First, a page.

When furnishing a family room, many parents figure they can use the old ratty sofa they've had since college and buy a new one for the living room where it won't get messed up.

But it's more sensible to put the new one in the place where you'll be spending most of your time, and more sensible still to get a good one that can withstand the rigors of child rearing while serving a multitude of functions -- eating, napping, roughhousing and reading.

The sofa also should be comfortable, Silver Spring interior designer Deborah Wiener said.

She recommends one with a sturdy hardwood frame, a "spring down" seat (the seat underneath the cushions has steel coiled springs that are wrapped in down and covered in Dacron) and down-blend wrap cushions (the back and seat cushions have a high density foam core that is wrapped in down and also covered with Dacron).

Comfort also depends on size. To accommodate the widest range of adult height and body shape, sofa seat depth can range from 18 to 22 inches and seat depth, 16 to 22 inches. The only way to know what's right for you is to go to a showroom and test the sofas until you find one that you can sit in comfortably, Wiener said,

If you're tall, standard sofa back height -- 34 to 36 inches -- may not be enough, but for an additional charge, many sofa manufacturers will raise the back two inches, Wiener said.

You need upholstery fabric that is stain-resistant and easy to clean.

The most durable upholstery fabrics are commercial ones. Because most commercial-grade fabrics are sold at design centers and not directly to the public, you will have to purchase one with the help of an interior designer or decorator. You can use the fabric on a sofa that the designer helps you select or one you buy yourself -- almost all sofa-makers will accept a "customer's own material" (usually referred to as COM).

You may wince at the thought of a polyester-covered sofa, but fabric manufacturers make synthetics that look and feel like natural fibers.

Bethesda interior designer Skip Sroka swears by a polyester chenille he has on his sofa. Not completely persuaded, I tracked down some samples of his Chinchilla by Arc-com, and found that it has a great "hand" (a fabric industry term for describing a fabric's softness) and great color selections as well.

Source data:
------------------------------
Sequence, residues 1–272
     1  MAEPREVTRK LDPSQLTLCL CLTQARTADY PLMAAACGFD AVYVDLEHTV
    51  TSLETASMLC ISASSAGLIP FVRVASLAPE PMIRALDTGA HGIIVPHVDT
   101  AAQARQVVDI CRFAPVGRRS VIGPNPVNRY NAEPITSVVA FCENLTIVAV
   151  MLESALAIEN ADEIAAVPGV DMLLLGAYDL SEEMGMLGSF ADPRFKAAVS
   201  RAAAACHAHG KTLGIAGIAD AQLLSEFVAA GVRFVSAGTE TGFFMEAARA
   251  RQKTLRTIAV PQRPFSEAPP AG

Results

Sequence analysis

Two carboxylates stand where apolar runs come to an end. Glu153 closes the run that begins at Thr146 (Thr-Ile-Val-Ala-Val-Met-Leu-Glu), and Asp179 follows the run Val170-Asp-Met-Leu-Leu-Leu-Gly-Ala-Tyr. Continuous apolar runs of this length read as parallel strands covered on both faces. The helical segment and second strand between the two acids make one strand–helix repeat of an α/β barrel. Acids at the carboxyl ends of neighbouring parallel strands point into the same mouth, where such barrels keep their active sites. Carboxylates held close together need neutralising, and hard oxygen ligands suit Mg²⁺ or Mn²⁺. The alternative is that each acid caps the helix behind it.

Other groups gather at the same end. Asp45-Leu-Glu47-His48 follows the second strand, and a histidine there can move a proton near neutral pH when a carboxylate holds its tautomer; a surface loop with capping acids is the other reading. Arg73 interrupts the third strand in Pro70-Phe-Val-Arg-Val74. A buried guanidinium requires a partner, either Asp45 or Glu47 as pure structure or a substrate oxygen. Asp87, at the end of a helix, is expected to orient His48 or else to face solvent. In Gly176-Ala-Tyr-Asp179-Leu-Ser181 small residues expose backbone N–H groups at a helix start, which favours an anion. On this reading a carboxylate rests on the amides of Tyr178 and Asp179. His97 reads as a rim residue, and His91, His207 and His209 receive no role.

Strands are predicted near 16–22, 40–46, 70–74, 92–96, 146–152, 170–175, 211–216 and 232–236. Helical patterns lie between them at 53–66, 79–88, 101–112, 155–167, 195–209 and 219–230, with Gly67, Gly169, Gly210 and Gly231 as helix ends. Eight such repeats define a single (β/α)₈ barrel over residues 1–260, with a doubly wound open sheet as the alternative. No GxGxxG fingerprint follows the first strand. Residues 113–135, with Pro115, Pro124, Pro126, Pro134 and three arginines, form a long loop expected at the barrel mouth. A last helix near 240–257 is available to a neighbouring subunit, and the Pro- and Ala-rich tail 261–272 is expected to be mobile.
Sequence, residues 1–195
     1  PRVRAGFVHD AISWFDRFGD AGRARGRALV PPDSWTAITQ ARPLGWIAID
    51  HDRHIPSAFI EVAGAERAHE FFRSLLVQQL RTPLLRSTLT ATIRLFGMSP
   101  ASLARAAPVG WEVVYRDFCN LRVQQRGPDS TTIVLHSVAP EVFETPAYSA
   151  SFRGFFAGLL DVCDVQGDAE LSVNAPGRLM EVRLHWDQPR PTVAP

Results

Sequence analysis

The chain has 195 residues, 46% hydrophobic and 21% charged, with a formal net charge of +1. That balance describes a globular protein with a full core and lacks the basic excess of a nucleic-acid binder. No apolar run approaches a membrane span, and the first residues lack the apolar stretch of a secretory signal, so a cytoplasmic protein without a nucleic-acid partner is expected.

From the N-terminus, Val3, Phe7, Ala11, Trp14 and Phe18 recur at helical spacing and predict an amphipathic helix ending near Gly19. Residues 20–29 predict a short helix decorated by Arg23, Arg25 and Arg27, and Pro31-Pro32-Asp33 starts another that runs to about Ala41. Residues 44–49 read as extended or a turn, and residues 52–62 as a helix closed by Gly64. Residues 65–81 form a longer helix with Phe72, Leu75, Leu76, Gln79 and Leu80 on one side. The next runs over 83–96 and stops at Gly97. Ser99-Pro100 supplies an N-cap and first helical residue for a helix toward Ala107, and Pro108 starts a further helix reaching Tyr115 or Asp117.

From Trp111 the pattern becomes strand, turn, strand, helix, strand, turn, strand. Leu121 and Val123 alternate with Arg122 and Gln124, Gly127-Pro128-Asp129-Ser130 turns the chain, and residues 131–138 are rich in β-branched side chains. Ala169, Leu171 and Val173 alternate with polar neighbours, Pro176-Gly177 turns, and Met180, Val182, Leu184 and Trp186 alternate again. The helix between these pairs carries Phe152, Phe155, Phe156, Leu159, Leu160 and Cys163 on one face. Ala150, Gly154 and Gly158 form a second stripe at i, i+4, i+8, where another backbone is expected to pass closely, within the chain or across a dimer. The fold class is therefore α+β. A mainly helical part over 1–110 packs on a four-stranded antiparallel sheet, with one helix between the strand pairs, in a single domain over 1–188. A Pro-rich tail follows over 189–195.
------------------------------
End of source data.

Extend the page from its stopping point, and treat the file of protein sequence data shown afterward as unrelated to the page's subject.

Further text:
The most foolproof upholstery fabrics are the commercial ones with added treatments that greatly enhance stain and moisture resistance (if there's no water resistance, spilled liquids can soak into the cushions, producing mold and unpleasant odors). Wiener recommended Crypton, which has been available for more than 10 years. Gore Seat Protection, which was introduced about a year ago, is less known. Both will work well in residential settings that include rambunctious children.

For residential use, the most significant difference between the two treatments is that Gore Seat Protection can be used on a wider variety of fabrics. Assuming that it gains wide acceptance among upholstery fabric manufacturers, consumers will have more choices.

How much do these wonder fabrics costs? Commercial-grade fabrics are a lot more expensive than residential grades. Retail prices for Arc-com, which offers both Gore Seat Protection and Cypton-treated fabrics, range from about $30 to $40 a yard. To cover a three-seat sofa and cushions takes about 20 yards; a two-seater takes 15 yards; and an ottoman generally takes three yards. This sounds pricey, but the fabrics are soft, the colors are gorgeous, and having one nice piece of furniture in the middle of a lot of chaos can have a tonic effect.

For more information on the Web: Crypton is at www.cryptonfabric.com; Gore Seating Protection is at www.goreseatingprotection.com; Arc-Com is at www.arc-com.com.

-- Katherine Salant